This year’s Orientation will mark my fourth, and — as long as all goes well — final orientation on the River Campus. Bittersweet doesn’t begin to explain how I have been feeling these past two weeks.

The first article I ever wrote for the CT was titled “My house is changing.” In what is still my best article to date, I reflect on the anxiety I felt leaving my hometown and not getting to watch it evolve in real time. I reflect on how scary it is to visualize yourself in another city.

The prompt for the article came from our great former Editor-in-Chief, Hailie Higgins, who asked, “Would your middle school self be proud of you today?” While my article strayed away from addressing the question, the prompt reminded me of how terrified I was of moving away from my hometown only years before I actually did. I also did not know that three years from then I would be serving as Publisher of this publication.

Now as I ascend into my senior year, I look back and ask myself if the first-year who wrote that article would be proud of me. I like to think that they would be.

There’s a lot of pressure to make the absolute most of college. Pressure that comes from attending such a financially burdensome institution as our own, but also social pressure. We’ve been told our whole lives that these would be the best years of our lives. It’s not that I haven’t done a lot in my measly three, not completely in-person years here at UR. I was president of multiple clubs, took classes across many disciplines, and even tried out Greek life for a short stint.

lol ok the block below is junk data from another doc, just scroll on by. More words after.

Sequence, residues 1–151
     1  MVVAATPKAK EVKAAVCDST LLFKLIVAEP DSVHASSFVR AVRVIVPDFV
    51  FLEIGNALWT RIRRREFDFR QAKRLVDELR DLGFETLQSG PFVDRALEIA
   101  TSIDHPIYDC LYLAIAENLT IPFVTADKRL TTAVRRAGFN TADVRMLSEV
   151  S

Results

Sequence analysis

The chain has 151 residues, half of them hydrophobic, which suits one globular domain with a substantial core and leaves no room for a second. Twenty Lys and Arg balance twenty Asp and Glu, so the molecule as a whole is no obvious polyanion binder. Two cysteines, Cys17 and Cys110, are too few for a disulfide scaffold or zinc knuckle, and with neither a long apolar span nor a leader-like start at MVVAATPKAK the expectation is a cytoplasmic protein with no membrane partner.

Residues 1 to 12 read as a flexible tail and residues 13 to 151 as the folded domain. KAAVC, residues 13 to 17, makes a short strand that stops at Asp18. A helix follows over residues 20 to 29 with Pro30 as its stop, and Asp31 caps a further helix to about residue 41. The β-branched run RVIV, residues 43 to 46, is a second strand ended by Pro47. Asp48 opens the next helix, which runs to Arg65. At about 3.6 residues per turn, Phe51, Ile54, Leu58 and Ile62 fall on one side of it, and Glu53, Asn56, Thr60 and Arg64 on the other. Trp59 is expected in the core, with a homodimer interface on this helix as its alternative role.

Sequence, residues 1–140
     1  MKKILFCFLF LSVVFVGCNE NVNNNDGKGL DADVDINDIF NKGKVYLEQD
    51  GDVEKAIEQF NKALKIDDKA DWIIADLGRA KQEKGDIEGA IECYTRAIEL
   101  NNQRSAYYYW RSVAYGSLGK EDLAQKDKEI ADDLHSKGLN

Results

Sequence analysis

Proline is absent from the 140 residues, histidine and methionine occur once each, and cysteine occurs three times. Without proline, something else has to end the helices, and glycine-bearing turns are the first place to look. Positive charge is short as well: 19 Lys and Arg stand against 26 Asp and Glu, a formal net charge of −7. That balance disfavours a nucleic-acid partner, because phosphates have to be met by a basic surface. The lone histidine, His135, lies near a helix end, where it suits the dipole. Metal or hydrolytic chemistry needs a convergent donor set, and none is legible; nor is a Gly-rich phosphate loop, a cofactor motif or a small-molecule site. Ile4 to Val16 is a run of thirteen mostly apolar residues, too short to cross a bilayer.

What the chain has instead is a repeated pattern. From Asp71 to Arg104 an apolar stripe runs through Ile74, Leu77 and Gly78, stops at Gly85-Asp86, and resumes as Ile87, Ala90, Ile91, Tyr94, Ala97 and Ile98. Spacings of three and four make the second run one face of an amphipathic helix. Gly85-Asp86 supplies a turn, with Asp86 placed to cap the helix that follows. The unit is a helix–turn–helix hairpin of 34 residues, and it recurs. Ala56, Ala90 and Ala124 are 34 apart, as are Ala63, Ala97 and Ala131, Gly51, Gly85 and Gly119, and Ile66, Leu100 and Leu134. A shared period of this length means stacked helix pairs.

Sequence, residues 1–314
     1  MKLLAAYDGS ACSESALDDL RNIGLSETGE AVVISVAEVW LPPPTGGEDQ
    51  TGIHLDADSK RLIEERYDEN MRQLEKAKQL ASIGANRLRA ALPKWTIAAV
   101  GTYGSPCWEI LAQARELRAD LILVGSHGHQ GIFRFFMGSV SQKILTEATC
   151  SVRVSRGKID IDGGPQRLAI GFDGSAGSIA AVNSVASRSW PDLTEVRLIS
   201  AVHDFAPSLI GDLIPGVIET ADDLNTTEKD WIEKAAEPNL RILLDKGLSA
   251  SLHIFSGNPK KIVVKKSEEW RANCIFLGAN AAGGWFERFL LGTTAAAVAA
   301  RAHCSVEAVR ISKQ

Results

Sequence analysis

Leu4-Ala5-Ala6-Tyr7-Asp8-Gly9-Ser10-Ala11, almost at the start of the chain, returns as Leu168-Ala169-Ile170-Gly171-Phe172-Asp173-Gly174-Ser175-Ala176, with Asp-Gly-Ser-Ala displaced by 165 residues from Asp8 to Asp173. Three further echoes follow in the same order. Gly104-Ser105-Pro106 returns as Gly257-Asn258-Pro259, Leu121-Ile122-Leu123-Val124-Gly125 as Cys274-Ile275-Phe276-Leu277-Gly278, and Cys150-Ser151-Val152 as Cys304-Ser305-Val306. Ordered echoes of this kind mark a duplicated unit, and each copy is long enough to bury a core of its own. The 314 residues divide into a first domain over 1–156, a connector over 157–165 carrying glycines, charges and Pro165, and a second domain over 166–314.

Senior year’s approach is still scary. It means that I only have one year left with all of my friends at such a close proximity. It also means that I have no idea where I will be living or what I will be doing this time next year, and the possibilities are daunting. I’m trying to live in the moment and enjoy my last few months while also proactively planning for the future that awaits me.

It’s scary getting older. It’s even scarier closing a chapter of your life. I am at the very summit of a mountain where I have to balance two things — reaching out and grasping for the clouds above while remembering to look down at the mountain I’ve conquered below me. Where I will be on May 15, 2023 — the day after commencement — is unknowable.

At the end of the day, I just want to continue to make myself proud. While I occasionally think about ‘making the most of my time here,’ it’s often the times that I’m not thinking about it that I’m actually doing it. I’ve gotten lost in my time here and that’s why these three years have slipped away from me.

So that’s my advice for the class of 2026 for this year’s orientation edition. Don’t worry so much. The most important things about your time here will happen without you trying to make them happen. Just try as many things as you can, like writing one article for your newspaper (shameless self-promo), and see where it leads.

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